Zane formed as a tropical storm over the southwestern Pacific Ocean on April 30, 2013, and strengthened into a cyclone the same day. The U.S. Navy’s Joint Typhoon Warning Center (JTWC) reported that the storm had maximum sustained winds of 60 knots (110 kilometers per hour) and gusts up to 75 knots (140 kilometers per hour). The storm was expected to pass over northeastern Australia and the Gulf of Carpentaria between May 1 and 3.
The Moderate Resolution Imaging Spectroradiometer (MODIS) on NASA’s Terra satellite captured this natural-color image on April 30, 2013. Zane hovered over the Coral Sea between Papua New Guinea and Australia.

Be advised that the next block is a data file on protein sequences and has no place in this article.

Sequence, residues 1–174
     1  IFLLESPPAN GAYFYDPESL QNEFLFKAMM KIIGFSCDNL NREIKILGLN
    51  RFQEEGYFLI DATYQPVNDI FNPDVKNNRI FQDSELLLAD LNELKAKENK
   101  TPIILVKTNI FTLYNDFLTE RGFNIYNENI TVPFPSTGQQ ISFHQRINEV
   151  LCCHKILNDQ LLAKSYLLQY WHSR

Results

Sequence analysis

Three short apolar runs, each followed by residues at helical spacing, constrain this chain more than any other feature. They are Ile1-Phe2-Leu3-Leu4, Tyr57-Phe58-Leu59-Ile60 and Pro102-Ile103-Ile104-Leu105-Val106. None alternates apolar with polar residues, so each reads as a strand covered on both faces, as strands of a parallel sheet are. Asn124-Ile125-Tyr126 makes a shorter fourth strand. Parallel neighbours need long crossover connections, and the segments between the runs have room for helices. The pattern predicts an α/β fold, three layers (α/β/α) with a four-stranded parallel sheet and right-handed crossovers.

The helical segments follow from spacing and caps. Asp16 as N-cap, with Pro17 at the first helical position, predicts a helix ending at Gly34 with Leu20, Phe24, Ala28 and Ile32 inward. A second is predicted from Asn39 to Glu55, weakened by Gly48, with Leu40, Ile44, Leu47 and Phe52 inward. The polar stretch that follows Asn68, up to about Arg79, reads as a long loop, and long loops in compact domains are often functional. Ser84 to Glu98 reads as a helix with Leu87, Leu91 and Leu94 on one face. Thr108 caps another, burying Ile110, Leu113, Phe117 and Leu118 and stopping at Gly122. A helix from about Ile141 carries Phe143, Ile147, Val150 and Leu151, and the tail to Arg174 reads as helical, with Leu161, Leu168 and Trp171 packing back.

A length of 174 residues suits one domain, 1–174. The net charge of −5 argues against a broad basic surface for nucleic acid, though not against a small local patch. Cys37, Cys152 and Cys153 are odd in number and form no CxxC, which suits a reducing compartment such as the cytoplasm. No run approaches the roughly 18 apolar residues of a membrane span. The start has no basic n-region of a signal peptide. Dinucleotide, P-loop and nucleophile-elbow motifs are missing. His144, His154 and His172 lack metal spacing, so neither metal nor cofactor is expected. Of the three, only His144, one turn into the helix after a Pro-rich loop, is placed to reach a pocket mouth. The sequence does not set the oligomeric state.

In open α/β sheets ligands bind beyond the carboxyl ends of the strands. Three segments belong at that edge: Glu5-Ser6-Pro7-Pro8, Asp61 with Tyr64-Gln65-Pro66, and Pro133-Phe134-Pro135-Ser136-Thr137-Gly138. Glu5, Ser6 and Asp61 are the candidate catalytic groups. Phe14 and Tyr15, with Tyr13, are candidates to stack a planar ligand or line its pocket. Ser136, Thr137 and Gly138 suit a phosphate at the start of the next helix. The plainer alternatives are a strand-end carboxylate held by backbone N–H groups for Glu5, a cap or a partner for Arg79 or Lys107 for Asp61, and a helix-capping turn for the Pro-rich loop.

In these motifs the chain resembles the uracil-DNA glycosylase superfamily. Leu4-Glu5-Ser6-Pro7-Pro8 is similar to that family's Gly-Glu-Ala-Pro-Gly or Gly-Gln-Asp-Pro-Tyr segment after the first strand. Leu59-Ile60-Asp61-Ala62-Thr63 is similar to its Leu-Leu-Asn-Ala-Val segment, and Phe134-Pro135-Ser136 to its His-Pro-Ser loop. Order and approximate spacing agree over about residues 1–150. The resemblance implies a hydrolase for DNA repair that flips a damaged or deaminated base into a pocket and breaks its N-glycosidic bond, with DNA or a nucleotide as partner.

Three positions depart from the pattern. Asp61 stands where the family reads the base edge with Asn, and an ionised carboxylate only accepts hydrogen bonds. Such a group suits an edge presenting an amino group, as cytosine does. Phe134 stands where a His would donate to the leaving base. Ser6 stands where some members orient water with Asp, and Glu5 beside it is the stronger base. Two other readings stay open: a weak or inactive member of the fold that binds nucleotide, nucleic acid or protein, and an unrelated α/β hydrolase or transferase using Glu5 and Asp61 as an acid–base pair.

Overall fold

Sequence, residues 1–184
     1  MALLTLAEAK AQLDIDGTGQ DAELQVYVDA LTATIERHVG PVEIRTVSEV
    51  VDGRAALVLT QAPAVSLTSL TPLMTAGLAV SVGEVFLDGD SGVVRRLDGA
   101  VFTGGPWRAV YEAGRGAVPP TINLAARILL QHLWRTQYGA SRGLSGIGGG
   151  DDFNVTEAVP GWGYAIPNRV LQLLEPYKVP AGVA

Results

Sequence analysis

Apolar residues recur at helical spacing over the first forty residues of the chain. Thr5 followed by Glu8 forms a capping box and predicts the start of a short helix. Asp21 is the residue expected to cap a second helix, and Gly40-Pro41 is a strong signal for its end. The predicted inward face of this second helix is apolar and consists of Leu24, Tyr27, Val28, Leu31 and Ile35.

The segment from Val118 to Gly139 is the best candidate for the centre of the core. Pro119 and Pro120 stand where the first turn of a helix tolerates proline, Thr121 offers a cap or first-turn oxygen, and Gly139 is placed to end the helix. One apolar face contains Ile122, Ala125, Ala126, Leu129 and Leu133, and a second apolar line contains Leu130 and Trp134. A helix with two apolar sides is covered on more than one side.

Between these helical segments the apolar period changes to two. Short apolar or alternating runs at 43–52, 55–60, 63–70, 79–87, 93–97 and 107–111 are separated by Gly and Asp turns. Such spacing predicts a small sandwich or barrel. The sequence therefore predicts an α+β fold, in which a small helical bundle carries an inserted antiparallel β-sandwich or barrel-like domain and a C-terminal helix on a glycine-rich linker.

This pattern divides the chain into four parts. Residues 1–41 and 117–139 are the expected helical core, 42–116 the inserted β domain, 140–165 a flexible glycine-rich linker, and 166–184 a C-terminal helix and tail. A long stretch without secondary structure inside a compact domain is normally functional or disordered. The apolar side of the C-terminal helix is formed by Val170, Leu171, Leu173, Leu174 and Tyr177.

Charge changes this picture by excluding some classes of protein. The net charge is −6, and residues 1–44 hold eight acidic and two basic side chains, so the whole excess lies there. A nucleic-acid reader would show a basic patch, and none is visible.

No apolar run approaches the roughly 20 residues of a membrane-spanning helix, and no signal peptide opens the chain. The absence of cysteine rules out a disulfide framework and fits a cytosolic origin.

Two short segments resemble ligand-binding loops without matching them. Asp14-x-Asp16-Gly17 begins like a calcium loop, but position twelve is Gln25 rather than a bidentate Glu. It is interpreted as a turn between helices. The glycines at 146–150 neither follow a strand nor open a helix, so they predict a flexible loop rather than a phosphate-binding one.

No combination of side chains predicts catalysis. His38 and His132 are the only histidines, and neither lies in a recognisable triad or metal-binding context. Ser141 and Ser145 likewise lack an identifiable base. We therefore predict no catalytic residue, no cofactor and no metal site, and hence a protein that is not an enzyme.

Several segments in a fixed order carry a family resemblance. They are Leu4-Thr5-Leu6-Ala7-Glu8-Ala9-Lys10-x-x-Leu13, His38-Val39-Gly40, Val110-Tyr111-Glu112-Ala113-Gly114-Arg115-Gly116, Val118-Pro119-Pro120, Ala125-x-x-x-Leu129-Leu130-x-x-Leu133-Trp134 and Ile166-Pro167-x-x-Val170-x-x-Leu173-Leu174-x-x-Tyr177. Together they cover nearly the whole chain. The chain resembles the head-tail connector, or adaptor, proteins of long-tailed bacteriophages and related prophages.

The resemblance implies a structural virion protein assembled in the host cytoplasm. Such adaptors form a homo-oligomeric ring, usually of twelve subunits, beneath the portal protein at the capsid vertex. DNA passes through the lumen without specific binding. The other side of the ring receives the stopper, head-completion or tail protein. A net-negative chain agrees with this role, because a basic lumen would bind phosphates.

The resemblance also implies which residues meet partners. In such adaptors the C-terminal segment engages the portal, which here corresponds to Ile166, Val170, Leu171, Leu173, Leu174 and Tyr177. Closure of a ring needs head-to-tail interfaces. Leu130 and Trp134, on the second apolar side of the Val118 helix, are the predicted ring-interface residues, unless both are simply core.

The JTWC forecast that as Zane traveled westward, it would gain strength, reaching sustained wind speeds of 85 knots (160 kilometers per hour) and gusts of 105 knots (195 kilometers per hour) around May 1. Afterwards, wind speeds were expected to drop.
NASA image courtesy Jeff Schmaltz, LANCE/EOSDIS MODIS Rapid Response Team at NASA GSFC. Caption by Michon Scott.